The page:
Then we drove round the corner and discovered we are about to enter a game park in the Erongo Mountains. Its not marked on any of our maps.
The guard assures us we don’t need to worry about the rhino and elephant as they are over the other side. Emma will be fine. He says its okay for us to camp, which surprises us.
Finding somewhere to camp is tricky. We’re a little concerned about elephants coming by in the night. Elephants killed 300 people in 7 years in Kenya. African elephants are serious business. Although, humans have killed 100,000 elephants in 3 years … so, I guess, we would be more at risk if we were elephants. Still, we don’t want to be near an annoyed elephant. As a result, I move our campsite a little as it looks like its on an animal path to me. (We miss having an animal expert who would really know.)
Robert and I have decided to sleep in the car to save getting the other tent out, as we need to leave quickly in the morning. Emma, Mike and Woocash are in the roof tent. Emma’s blog post, says that all sorts of exciting things happened in the night. I slept through the lot except for the snoring.
We set off early into town, as Emma starts her first 2 hr run of the day. The bumpy roads rattle Cleo (the car) and Woocash and I argue over whether it is better to go fast and skim over the top or drive slowly and boing up and down more. I want to travel as fast as possible as I worry about Emma and Mike.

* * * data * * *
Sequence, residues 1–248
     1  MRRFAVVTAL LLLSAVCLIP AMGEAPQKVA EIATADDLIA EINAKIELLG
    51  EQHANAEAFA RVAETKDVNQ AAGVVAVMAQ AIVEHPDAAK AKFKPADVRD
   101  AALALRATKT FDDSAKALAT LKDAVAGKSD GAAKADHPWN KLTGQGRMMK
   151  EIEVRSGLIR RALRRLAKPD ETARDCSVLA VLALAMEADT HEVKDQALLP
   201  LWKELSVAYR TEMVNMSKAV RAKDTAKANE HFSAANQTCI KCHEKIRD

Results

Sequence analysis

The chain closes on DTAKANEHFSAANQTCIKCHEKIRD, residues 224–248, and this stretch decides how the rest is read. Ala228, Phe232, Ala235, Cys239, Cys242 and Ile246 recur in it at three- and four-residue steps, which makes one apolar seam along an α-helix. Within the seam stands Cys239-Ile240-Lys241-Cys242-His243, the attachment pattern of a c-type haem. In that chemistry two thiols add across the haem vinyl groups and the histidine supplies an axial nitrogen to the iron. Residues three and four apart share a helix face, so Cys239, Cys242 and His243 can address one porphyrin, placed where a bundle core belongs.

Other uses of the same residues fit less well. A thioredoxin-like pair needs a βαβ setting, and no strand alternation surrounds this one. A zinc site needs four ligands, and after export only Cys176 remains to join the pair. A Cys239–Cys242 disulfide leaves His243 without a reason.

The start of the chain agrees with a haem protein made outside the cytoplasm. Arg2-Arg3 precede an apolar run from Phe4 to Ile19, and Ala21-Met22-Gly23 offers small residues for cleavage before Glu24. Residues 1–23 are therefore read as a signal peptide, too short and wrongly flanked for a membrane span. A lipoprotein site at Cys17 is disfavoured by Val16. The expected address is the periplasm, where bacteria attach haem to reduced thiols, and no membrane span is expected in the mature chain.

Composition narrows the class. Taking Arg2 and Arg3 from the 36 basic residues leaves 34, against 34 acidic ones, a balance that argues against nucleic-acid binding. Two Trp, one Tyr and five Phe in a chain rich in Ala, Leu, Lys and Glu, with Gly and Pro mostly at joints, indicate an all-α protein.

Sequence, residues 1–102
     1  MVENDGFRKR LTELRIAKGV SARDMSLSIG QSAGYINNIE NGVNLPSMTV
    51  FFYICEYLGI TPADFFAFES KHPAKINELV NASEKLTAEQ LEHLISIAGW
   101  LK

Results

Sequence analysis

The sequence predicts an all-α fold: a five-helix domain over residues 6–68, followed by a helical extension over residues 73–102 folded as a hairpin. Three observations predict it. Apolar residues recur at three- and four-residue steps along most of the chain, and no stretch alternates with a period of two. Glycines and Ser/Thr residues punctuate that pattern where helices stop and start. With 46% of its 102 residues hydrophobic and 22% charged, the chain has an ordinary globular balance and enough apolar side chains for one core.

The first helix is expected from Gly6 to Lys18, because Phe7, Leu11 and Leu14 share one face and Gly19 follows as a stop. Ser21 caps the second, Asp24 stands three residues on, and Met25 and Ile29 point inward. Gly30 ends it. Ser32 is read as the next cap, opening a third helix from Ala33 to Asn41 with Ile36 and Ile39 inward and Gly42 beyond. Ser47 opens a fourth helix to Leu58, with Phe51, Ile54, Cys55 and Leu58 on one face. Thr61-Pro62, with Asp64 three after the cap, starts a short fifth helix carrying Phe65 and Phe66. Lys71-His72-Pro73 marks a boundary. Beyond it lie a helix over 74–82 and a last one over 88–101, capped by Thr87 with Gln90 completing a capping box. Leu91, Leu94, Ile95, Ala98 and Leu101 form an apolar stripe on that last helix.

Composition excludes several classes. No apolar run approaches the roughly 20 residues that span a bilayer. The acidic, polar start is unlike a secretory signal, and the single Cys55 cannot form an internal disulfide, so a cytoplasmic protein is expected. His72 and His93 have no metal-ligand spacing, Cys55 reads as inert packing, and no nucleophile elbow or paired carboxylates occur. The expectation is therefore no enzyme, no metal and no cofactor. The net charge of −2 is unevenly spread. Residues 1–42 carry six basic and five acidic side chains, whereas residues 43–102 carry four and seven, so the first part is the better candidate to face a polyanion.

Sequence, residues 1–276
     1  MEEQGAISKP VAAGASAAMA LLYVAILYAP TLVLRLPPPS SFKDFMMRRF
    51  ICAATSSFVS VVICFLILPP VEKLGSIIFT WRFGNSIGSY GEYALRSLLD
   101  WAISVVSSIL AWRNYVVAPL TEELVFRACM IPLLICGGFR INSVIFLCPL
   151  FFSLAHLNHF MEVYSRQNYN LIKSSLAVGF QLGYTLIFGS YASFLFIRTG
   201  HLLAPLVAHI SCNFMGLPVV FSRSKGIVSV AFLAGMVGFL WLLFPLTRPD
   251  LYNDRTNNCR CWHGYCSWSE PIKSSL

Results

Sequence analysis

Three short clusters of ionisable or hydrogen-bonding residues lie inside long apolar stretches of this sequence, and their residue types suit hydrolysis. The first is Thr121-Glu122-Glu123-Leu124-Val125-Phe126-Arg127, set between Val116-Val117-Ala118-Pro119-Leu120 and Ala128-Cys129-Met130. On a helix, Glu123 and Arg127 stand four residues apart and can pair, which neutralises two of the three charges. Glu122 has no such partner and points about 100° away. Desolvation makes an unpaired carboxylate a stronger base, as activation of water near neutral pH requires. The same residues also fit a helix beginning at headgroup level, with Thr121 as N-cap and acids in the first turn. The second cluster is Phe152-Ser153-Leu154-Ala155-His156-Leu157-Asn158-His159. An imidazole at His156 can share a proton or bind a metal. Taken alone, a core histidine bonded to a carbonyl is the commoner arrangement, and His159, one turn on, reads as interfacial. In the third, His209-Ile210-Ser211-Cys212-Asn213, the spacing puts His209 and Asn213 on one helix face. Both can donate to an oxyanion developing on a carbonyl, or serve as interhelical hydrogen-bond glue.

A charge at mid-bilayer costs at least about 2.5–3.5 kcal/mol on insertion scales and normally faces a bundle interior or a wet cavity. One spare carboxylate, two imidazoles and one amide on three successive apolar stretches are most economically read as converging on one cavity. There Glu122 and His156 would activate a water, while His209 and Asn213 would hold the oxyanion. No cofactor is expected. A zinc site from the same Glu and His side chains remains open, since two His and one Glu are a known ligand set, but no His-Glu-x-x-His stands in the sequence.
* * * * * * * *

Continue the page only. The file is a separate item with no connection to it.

We drop off Robert and head back as soon as we can. We return to find Emma and Mike alive and zipping along. Emma’s ability is phenomenal. When they join us Mike asks if a bolt he spotted in the road is important to Cleo. Amazing eyesight and luck. Its for the rear brake calliper! Bouncing along has serious consequences. Woocash instantly gets under the car.
Two bolts have fallen out. We are still missing one and will need to sort that out as soon as possible (several hundred kilometers later).
At the end of the game park, the very friendly game park guard dances with us and joins us for a photo. Special moments that make the journey.
We encounter more friendliness that evening when we find a lay-by to park in. A man and his digger/road flattener are already there. He only speaks portuguese so we send Woocash (Polish speaker), as Emma suggests they might speak international english. Sure enough, Woocash comes back to tell us Frantz has no problem with us staying and even offered to flatten an area for us. Later, Frantz generously sends over some wood for our fire.